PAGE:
Dupilumab but not cyclosporine treatment shifts the microbiome toward a healthy skin flora in patients with moderate-to-severe atopic dermatitis
Jan Hartmann, Lucas Moitinho-Silva, Nicole Sander, Inken Harder, Robert Häsler, Elke Rodriguez, Eva Haufe, Andreas Kleinheinz, Susanne Abraham, Annice Heratizadeh, Elke Weisshaar, Knut Schäkel, Christiane Handrick, Matthias Augustin, Andreas Wollenberg, Petra Staubach-Renz, Konstantin Ertner, Michael Sticherling, Beate Schwarz, Sven Quist, Franca Wiemers, Florian Schenck, Julia Wildberger, Lukas Tittmann, Wolfgang Lieb, Jochen Schmitt, Thomas Werfel, Stephan Weidinger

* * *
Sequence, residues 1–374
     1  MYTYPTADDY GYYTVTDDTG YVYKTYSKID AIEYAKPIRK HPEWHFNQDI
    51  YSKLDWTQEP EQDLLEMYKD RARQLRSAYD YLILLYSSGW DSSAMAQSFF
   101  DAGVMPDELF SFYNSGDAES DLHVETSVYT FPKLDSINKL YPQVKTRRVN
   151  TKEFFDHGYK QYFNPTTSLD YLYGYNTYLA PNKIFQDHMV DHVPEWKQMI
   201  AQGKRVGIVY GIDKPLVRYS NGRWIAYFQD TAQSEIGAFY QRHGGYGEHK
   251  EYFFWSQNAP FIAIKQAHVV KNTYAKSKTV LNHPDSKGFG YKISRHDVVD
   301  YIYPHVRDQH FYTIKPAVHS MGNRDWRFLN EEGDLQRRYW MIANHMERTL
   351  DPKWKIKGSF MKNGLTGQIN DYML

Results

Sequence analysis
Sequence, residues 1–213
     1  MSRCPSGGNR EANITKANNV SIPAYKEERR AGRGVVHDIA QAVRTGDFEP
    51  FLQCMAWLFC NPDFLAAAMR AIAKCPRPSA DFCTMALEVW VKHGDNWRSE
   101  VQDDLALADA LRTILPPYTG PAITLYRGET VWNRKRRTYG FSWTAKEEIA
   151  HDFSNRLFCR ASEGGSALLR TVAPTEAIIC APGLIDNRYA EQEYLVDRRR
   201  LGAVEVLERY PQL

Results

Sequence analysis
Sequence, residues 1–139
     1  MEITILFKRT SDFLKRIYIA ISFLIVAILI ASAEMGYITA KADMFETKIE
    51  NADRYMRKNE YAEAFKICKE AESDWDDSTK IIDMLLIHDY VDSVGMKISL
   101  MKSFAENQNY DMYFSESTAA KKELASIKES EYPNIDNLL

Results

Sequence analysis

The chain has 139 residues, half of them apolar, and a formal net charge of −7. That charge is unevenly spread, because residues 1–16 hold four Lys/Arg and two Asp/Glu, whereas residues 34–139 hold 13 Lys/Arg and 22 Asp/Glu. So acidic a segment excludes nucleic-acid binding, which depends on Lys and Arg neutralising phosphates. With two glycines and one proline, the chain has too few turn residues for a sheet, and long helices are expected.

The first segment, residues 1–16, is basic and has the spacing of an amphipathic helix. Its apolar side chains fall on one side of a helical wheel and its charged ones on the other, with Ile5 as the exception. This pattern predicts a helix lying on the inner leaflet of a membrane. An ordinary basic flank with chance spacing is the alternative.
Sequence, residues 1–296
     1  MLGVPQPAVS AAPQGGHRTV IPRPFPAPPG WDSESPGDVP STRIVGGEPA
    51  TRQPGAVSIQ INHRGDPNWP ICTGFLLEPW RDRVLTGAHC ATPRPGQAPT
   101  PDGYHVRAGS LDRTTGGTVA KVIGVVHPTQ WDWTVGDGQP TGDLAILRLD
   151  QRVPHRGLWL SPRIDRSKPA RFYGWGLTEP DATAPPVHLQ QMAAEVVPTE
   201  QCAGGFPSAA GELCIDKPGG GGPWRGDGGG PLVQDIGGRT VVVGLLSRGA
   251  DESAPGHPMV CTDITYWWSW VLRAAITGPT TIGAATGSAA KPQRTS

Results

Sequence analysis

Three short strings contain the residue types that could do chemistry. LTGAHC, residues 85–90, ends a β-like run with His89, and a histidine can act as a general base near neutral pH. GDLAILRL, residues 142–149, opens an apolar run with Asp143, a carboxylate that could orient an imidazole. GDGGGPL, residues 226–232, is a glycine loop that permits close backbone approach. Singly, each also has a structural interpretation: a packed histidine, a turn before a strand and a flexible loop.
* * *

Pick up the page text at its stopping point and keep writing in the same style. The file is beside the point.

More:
BACKGROUND: Atopic dermatitis (AD) patients display an altered skin microbiome which may not only be an indicator but also a driver of inflammation. We aimed to investigate associations among AD patients‘ skin microbiome, clinical data, and response to systemic therapy in patients of the TREATgermany registry. METHODS: Skin swabs of 157 patients were profiled with 16S rRNA gene amplicon sequencing before and after 3 months of treatment with dupilumab or cyclosporine. For comparison, 16s microbiome data from 258 population-based healthy controls were used. Disease severity was assessed using established instruments such as the Eczema Area and Severity Index (EASI). RESULTS: We confirmed the previously shown correlation of Staphylococcus aureus abundance and bacterial alpha diversity with AD severity as measured by EASI. Therapy with Dupilumab shifted the bacterial community toward the pattern seen in healthy controls. The relative abundance of Staphylococci and in particular S. aureus significantly decreased on both lesional and non-lesional skin, whereas the abundance of Staphylococcus hominis increased. These changes were largely independent from the degree of clinical improvement and were not observed for cyclosporine. CONCLUSIONS: Systemic treatment with dupilumab but not cyclosporine tends to restore a healthy skin microbiome largely independent of the clinical response indicating potential effects of IL-4RA blockade on the microbiome.